India, like China, has a massive state sector that it is doing its best to reform. In the run-up to the May results of the general election, Indian state-owned enterprises saw their share prices surge.
The business-friendly incumbent Prime Minister Narendra Modi won a handy majority at the polls. But "Modi 2.0" has disappointed so far in terms of reform for the state sector. The new finance minister's first budget delivered on July 5 contained no details on how India will proceed with divestment.
Investors should therefore avoid the SOE sector, for now. The share surge has ended, and a period of tough corporate performance beckons for state-run companies. There are smarter ways to play Indian equities, as I'll explain.
State-owned enterprises make up 10% of the Indian equity market. They're known as Central Public Sector Enterprises, or CPSEs, in India. Of the 339 CPSEs, 63 are listed on the stock market -- and they're often massive.
State-owned companies saw their stocks rally leading up to India's most-recent budget. The CPSE exchange-traded fund (the Reliance MF CPSE ETF) listed on the National Stock Exchange as CPSEETF, hit an all-time high in January 2018, as Modi moved to reform the sector. Then in the runup to the May elections, the ETF climbed 28.6% between mid-February and early June.
But the budget ended up disappointing, providing no specifics or clear roadmap about how state-owned enterprises are going to be sold off by the state. The CPSE ETF dropped an immediate 8.2% in response, and continues to trade in a range reflecting that loss.
"We are not enthusiastic about the index, despite low valuations, which reflect low growth expectations, in our view," the Asia equity strategy team at Société Générale wrote in a report on the topic, "Takeaway from India Budget: Avoid SOEs."
There's likely to be significant issuance of new "paper" as the government hustles to meet a newly set requirement that a quarter of state-owned enterprises be owned by the public. This is a key "overhang," SocGen believes.
State-owned enterprises look tempting as low-hanging fruit. The CPSE ETF produces a 4.5% dividend yield. It also trades at a discount of more than 65% when compared with the Nifty 50.
But those hefty dividends are under threat. Many of the SOEs have declining levels of cash on the balance sheet, which would make it hard to sustain the same level of payments to shareholders.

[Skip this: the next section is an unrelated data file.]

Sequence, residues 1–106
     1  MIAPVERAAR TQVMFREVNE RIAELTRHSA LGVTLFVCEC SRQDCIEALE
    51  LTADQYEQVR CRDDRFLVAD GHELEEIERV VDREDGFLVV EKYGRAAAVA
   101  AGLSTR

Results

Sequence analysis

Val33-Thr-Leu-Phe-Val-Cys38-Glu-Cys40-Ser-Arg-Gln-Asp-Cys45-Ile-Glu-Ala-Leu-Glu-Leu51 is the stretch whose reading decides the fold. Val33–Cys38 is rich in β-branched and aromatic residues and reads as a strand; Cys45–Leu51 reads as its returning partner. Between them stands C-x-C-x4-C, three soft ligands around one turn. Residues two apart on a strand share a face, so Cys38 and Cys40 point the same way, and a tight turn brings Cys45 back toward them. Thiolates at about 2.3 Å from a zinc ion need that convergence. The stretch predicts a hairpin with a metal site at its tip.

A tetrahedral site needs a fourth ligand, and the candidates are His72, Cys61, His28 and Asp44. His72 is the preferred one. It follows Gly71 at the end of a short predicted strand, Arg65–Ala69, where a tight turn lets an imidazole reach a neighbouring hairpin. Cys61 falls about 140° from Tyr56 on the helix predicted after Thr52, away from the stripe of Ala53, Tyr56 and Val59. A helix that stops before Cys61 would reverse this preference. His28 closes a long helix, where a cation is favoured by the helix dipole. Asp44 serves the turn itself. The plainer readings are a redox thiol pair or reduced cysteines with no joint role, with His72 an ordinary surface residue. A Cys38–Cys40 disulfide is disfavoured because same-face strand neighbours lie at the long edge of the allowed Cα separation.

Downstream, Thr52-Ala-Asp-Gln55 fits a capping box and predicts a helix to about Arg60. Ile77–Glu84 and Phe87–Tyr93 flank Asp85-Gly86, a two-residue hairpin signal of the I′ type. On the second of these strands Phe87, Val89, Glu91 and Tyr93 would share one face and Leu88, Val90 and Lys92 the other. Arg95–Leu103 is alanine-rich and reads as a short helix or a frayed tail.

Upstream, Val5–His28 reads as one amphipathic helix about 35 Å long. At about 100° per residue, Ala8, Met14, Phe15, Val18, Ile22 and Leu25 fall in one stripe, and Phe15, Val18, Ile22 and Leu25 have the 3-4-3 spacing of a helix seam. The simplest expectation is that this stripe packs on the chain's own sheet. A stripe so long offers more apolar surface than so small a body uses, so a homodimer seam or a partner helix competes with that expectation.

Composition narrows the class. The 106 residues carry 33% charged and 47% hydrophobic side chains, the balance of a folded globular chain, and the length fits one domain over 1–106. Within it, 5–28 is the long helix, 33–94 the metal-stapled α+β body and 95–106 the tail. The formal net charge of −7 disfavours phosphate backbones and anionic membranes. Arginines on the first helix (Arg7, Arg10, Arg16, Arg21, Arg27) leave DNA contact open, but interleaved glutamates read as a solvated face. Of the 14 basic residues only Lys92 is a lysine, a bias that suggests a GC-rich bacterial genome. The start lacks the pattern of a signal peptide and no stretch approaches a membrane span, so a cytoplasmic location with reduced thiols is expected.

Earnings growth also looks lower for SOEs than for the Nifty 50 universe. The operational efficiency of state-run companies is another aspect of their management that the government would like to see improve.
Energy companies are at the epicenter of the SOE sector. The electricity producer NTPC, listed with an American depositary receipt as (NTPZY) , is the largest, while Coal India (CLNDY) , Oil & Natural Gas (OLNTY) and Indian Oil (INOIY) all make up 17% or more of the CPSE ETF, thanks to market caps of US$20 billion or more.
The Modi administration has set an ambitious target of divesting about $15.3 billion worth of SOE stock. That's a sizeable increase of 16.8% vs. the approximately $13.1 billion target set in February. The push is part of a general effort by the government to reduce India's fiscal deficit.
It did not outline any plans for the divestment of sizable portions of any of the SOEs. Instead, it seems likely that the Indian government will gradually lower its stakes in the companies by selling portions into exchange-traded funds, instead of by selling blocks of stock in specific companies.
The CPSE ETF is the main tool to do that so far. The government has raised about $5.5 billion in five tranches of share sales. That product is only available for investors with direct access to Indian equity markets.
The iShares India 50 ETF (INDY) is the product for U.S. investors to use to track the Nifty 50. It's up 8.5% year-to-date, performance outdone only by the derivative-enhanced Direxion Daily India Bull 3x Shares ETF (INDL) , a leveraged exchange-traded fund that would magnify losses as well as gains and is best used only for very short-term, day-long trades.
But given the issues with state-owned enterprises in India, investors should also look at the WisdomTree India ex-State-Owned Enterprises Fund (IXSE) .
The fund was only launched in April, so it has a miniscule amount of money under management, $2.5 million in assets. But like most WisdomTree products, it comes at the exchange-traded fund universe in India in an imaginative way.
The underlying WisdomTree India ex-State-Owned Enterprises Index excludes any companies with more than 20% ownership by the government. The resulting breakdown highlights "new economy" stocks -- particularly information technology, consumer discretionary, consumer staples and health care -- to the tune of 63.7% of index over "old economy" stocks from the energy, financial and materials sectors, which make up 36.3% of the index.
The balance is closer to 50%-50% for a traditional India index. So for investors who want to avoid the legacy issues with state-owned companies, IXSE is the way to go.